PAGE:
Director Sophia Takal calls her Black Christmas remake a 'fiercely feminist film'
The Imogen Poots-starring terror tale opens Dec. 13.
When EW spoke with director Sophia Takal at the end of last year about her Hulu film New Year, New You, she had yet to get the job of overseeing the new Blumhouse-produced remake of the horror movie Black Christmas. And yet, Takal and screenwriter April Wolfe’s reworking of the 1974 cult classic will arrive in cinemas Dec. 13. Busy year, was it?
“It’s been a crazy, crazy timeline,” Takal says. “There’s no time to second-guess anything, which has been kind of a fun experience. I’m so used to making indie movies, where it takes like years and years and years to get off the ground. But this was brought to me in February or March of this year with no script or anything. So it’s been way faster than anything I’ve ever done.”
Ahead of Black Christmas’ release, EW caught up with Takal about making the film and more.
ENTERTAINMENT WEEKLY: Could you set up your Black Christmas a little bit for us?
SOPHIA TAKAL: My version of Black Christmas is about a group of women who are sorority sisters at a college, who start to disappear one by one. The remaining sisters have to figure out why these women are disappearing and who’s responsible for it. And eventually, once they figure out who the bad guy is, they have to fight for survival.
The film stars Imogen Poots. Who does she play?
Imogen plays a woman named Riley, who is a sexual assault survivor who has retreated into herself after this traumatic experience, and then throughout the film sort of gets her power and strength back and learns to fight again and reclaim herself.
Her best friend, played by Aleyse Shannon, is a woman named Kris, who is a very, very vocal, fierce feminist, who I’d say at times verges on pushy and impatient when the other women aren’t as willing to fight back as she is. She and Riley are really the dynamic duo of the film. The two of them, despite their differences, learn from the each other. I can talk about some boys! Because there are men in the movie. Caleb Eberhardt is an actor who plays Landon, who is a kind of hapless cutie-pie [laughs], for lack of a better word, who has a crush on Riley and wants to be a good man, and is struggling and sorting out what that means in 2019.
What was the shoot like?
We shot in New Zealand, which was really fun and interesting, this summer. I’ve actually had a wonderful experience making this movie despite how crazy and rushed it’s been. We had an incredible crew down there, and the actors were all committed and so on board with what we were trying to explore. You know, this movie, even though it’s very, very loosely based on Black Christmas, I’d say the plot is extremely different. It’s more inspired by the feeling that Black Christmas made me feel watching it, this idea of misogyny always being out there and never totally eradicable. So that was the jumping-off point for how I came up with this plot. I’d compare it more to how Luca Guadagnino remade Suspiria than to a straight-ahead remake.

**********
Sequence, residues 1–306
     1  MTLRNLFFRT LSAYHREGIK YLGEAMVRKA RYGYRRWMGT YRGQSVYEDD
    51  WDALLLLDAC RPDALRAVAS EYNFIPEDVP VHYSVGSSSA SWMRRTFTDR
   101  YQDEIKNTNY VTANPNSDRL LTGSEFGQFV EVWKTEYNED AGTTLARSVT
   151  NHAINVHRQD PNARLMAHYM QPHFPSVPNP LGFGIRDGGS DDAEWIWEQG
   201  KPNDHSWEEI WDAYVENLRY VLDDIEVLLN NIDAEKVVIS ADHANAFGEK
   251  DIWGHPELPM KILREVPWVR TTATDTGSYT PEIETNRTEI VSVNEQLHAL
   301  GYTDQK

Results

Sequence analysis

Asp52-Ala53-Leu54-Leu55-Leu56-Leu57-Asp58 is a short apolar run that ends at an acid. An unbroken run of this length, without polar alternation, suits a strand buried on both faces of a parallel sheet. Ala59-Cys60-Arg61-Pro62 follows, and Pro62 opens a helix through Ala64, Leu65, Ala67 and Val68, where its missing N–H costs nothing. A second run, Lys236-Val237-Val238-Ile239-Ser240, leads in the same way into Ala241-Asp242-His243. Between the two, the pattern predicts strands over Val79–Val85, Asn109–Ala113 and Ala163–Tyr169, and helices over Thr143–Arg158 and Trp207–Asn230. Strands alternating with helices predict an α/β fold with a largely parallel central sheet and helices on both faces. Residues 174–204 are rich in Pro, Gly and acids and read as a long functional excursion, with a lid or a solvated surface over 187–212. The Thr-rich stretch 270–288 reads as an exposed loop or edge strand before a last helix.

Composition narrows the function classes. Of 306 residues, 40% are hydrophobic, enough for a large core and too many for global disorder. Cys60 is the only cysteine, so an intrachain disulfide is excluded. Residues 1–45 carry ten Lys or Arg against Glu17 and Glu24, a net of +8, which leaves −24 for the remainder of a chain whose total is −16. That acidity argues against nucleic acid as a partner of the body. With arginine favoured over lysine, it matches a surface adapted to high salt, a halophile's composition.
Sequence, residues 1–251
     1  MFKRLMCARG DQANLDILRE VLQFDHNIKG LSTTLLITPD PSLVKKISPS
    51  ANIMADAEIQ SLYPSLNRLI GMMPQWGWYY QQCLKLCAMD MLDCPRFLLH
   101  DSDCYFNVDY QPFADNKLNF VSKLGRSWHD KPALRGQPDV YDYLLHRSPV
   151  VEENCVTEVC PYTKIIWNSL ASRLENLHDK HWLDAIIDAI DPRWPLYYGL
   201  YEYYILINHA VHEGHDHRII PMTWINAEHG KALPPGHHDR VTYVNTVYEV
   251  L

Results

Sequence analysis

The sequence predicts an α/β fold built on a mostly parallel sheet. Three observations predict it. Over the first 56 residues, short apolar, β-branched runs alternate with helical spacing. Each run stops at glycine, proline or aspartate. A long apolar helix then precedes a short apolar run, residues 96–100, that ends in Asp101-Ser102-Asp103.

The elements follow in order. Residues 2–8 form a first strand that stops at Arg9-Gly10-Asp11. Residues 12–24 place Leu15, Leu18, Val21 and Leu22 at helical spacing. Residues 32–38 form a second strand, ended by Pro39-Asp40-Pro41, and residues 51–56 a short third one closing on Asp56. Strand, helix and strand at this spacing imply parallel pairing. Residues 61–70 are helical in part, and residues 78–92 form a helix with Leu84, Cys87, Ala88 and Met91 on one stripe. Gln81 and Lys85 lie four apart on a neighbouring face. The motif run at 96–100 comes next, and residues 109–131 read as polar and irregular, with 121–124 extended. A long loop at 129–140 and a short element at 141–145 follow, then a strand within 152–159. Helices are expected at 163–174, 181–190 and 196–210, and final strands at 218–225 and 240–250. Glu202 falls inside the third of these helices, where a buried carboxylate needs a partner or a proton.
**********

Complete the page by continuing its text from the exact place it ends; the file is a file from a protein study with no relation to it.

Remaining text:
The original Black Christmas feels so contemporary and modern for the time. Since then I feel like there have been so many movies about sorority sisters where the women have been portrayed as dumb, bimbo-y idiots. What I love was this was a group of women who, even though there was some conflict and strife — you know, Margot Kidder was a real spitfire [laughs] — they were all very much three-dimensional, strong female characters. I wanted to make something that reflected our time right now, drawing more from what the original evoked for me rather than great plot points. For me, it was about what does it feel like to be a woman in 2019?
[At] the beginning of the #MeToo Movement, it seemed like there was a really big reckoning, particularly in the film industry, but in lots of industries, where powerful men were being called out for their predatory behavior. And then, in early 2019, I sort of felt, and I know a lot of women who I know felt, the creeping back of these predatory men into positions of power and this feeling of like, “Oh, even when you’ve won the battle you still have to battle this patriarchal structure.” It seemed like everyone, the men and the women involved in the movie, on screen and off, were all really committed to exploring that feeling and were really interested in making a movie about that.
Would you say that the new Black Christmas being written and directed by women is evident or tangible in the film?
I would say so. I would definitely say so. Yes. I feel like another part of why I kind of shifted the direction that this version took was because, in 2019, I didn’t just want to make a movie about a bunch of women getting slaughtered. It just gave me a pit in my stomach. This is not to say that a man might want to see that. I just think I felt very much a responsibility not to perpetuate this idea of disposable female characters, because of how it makes me feel when I watch that. I call this movie a fiercely feminist film, so I don’t mind being asked about that at all.
Do you know what you’re doing next?
I hope to work with Blumhouse some more, but I’m also interested in maybe shifting away a bit from straightforward horror and finding other genres to work in, and also maybe making movies about some men and exploring that. I think some of the greatest movies about men are directed by women, just as some of the greatest movies about women are directed by men. I actually think this movement of bringing female directors into the fold isn’t just about women telling women’s stories, but telling stories about people who are different from them too, just as men have done for hundreds of years.
This interview has been edited for length and clarity.
Black Christmas (2019 movie)